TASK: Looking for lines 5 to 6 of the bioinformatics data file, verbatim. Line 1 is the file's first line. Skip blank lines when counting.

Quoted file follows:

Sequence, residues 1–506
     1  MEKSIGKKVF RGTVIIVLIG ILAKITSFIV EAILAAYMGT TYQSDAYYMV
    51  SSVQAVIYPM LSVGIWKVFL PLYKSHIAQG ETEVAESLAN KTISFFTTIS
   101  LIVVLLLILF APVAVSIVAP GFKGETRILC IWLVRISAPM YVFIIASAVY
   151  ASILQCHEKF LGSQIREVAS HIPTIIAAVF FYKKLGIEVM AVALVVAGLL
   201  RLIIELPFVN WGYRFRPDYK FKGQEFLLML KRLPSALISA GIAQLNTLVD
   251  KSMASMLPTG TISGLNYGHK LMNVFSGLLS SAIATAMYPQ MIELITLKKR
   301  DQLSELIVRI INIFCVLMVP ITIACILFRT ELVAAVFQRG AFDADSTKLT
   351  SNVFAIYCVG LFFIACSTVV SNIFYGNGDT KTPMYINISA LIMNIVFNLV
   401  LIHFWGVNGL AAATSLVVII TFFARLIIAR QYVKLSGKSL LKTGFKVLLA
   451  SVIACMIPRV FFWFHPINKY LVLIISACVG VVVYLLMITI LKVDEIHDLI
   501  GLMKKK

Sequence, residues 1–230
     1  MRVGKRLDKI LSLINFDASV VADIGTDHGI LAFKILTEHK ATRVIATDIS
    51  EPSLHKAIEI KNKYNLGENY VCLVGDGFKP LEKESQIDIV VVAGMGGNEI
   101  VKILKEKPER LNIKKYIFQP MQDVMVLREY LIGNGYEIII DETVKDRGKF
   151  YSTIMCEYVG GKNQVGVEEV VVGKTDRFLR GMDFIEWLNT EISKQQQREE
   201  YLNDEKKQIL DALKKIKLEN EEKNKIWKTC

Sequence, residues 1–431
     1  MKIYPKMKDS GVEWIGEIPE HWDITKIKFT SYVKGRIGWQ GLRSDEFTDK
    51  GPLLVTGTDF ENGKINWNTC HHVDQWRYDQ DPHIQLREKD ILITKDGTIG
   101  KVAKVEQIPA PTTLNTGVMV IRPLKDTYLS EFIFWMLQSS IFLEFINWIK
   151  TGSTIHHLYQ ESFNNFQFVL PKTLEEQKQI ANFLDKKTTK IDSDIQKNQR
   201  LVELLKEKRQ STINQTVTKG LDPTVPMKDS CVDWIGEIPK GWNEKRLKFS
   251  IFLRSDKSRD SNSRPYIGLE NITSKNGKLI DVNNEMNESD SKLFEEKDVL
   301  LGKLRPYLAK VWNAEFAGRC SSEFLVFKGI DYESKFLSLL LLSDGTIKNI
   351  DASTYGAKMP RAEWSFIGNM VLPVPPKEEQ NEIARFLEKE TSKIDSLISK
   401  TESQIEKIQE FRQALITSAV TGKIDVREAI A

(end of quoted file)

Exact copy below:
   151  ASILQCHEKF LGSQIREVAS HIPTIIAAVF FYKKLGIEVM AVALVVAGLL
   201  RLIIELPFVN WGYRFRPDYK FKGQEFLLML KRLPSALISA GIAQLNTLVD